To understand how we got here, it's important to understand how analytics have grown in the league. After the 2008 draft, I spent the next season providing more and more analysis for the Thunder front office and the coaching staff. A year later, I returned to the draft meetings, which were now in Oklahoma City. In just that one year, the number of analysts employed by NBA teams had grown significantly -- there were probably 10 teams that were now paying attention. I spent the four days leading up to the draft presenting my analysis, discussing the pros and cons of each player in extreme detail, weighing in on trade scenarios and waiting around for something to happen.
The hours of waiting were often filled with watching film of prospects. It helped me refine my analysis, as I soaked up details from scouts that I never would have seen on my own. ("Rewind that. ... Did you see his foot placement there, getting ready for the rebound? That's NBA ready.") During one of these sessions, we were watching film of Syracuse point guard Jonny Flynn. I mentioned that, based on the rate at which he collected steals, he was likely a good defender. But one of the scouts explained that Flynn's steal total was likely higher than other point guards' because Syracuse played mostly zone defense, which allowed guards to attack the ball more. I checked that insight against the data and it seemed true, so I adjusted my defensive statistics to account for the dominant style of defense used by a player's team.
There was another difference this season. Now there was a seat for me at the table in the draft room. Over the next several seasons, more teams hired more analysts, and the data continued to improve. More and more of the concepts of analytics (such as scoring efficiency) seeped into mainstream dialogue. A copy of Dean Oliver's "Basketball on Paper" (the publication of which in 2004 really marks the birth of basketball analytics) could be found in just about every NBA front office. Now, not all of the copies had been read, but at least they were there.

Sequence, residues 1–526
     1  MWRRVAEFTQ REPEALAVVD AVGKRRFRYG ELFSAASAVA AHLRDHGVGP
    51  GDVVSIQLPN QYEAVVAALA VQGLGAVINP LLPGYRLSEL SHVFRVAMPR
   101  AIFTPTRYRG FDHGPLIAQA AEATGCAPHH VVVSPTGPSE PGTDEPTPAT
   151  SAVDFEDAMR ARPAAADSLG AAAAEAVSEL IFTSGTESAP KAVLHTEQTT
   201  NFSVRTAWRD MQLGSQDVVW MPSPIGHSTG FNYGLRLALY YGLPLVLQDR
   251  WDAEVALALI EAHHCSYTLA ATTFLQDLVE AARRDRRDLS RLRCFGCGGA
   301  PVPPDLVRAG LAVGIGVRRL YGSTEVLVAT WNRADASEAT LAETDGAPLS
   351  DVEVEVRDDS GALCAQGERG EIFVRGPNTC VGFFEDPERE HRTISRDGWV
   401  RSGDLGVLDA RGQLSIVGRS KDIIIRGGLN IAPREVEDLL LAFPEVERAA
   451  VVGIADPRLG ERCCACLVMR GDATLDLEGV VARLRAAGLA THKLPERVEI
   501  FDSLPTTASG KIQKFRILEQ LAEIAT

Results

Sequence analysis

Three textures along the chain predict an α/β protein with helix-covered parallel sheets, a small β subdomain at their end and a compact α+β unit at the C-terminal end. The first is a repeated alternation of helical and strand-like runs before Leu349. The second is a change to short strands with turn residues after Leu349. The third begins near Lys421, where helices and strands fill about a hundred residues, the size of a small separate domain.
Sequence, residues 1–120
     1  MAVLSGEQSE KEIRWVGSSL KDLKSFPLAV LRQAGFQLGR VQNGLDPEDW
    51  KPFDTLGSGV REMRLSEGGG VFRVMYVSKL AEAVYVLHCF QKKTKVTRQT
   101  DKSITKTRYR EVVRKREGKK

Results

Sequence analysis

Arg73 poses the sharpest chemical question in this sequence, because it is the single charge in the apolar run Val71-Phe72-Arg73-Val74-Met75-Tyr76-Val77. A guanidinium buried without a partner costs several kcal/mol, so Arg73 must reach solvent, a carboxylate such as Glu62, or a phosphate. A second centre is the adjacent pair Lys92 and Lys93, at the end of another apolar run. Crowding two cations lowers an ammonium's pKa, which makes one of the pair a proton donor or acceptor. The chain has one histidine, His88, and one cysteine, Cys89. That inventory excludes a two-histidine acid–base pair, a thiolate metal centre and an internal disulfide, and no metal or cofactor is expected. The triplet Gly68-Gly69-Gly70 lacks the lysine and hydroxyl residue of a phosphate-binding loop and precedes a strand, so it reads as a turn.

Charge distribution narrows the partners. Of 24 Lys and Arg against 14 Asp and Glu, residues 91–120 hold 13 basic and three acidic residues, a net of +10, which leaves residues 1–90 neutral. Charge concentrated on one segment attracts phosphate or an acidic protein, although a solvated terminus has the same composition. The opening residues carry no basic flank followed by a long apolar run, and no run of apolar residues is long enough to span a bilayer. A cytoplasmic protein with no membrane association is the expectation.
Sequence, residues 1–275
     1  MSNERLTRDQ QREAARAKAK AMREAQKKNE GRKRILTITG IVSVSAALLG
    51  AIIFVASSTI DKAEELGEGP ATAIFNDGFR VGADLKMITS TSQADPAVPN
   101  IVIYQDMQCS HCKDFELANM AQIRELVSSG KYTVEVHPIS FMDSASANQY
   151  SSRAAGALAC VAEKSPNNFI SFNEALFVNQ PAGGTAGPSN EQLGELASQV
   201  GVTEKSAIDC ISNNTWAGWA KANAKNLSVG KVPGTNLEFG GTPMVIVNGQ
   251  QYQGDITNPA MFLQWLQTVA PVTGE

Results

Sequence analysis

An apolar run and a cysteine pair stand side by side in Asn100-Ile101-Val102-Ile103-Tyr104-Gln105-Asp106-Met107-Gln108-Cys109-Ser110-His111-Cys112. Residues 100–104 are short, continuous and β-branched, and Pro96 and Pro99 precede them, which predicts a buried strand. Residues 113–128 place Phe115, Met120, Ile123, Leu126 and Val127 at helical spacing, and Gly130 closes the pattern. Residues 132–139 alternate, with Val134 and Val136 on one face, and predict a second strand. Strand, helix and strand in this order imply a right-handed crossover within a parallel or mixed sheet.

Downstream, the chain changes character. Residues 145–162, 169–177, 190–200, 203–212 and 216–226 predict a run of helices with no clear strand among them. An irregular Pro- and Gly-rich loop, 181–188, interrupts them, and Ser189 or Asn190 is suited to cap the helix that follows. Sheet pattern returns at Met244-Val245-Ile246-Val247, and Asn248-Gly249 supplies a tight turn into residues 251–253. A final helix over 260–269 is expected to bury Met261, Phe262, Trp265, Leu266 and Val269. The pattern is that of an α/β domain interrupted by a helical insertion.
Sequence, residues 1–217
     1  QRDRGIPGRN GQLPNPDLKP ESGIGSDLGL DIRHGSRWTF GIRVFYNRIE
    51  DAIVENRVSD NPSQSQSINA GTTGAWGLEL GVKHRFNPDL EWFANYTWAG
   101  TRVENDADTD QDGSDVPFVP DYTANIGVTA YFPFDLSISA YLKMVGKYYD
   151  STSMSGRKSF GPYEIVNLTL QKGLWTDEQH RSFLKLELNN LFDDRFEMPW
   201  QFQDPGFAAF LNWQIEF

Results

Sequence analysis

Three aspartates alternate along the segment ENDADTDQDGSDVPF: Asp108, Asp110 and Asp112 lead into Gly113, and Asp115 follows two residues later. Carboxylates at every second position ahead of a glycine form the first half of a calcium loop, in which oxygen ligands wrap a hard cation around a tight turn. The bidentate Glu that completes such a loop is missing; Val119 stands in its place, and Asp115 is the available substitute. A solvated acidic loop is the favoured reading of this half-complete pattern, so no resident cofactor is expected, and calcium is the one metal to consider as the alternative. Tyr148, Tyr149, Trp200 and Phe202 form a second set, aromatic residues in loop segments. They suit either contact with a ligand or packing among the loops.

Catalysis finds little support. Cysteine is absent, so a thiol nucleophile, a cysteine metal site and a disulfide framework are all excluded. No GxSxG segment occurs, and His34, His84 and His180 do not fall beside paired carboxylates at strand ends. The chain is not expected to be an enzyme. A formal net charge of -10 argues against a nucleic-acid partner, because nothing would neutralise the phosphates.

After our trip to the NBA Finals in 2012, the Thunder decided they needed their analytics leader in Oklahoma City full time, which was certainly a positive for the field. They didn't, however, want to pay anywhere near what I would be willing to accept to move my family from San Francisco to OKC. They had already successfully recruited my former intern, a Stanford student, to accept a 60-plus-hour-a-week job for a salary that was far below what he could have easily gotten at a big consulting firm or investment bank, so they believed they could do the same with my position. At the time, they were probably right. There were still skilled people willing to take salaries well below their market value to work in the NBA. I left with no hard feelings.
So, after five seasons with the Sonics and Thunder, I hooked on with the Cavaliers. The process of being trusted was much quicker in Cleveland. Several members of the team's front office were actually eager to hear what the analytics said.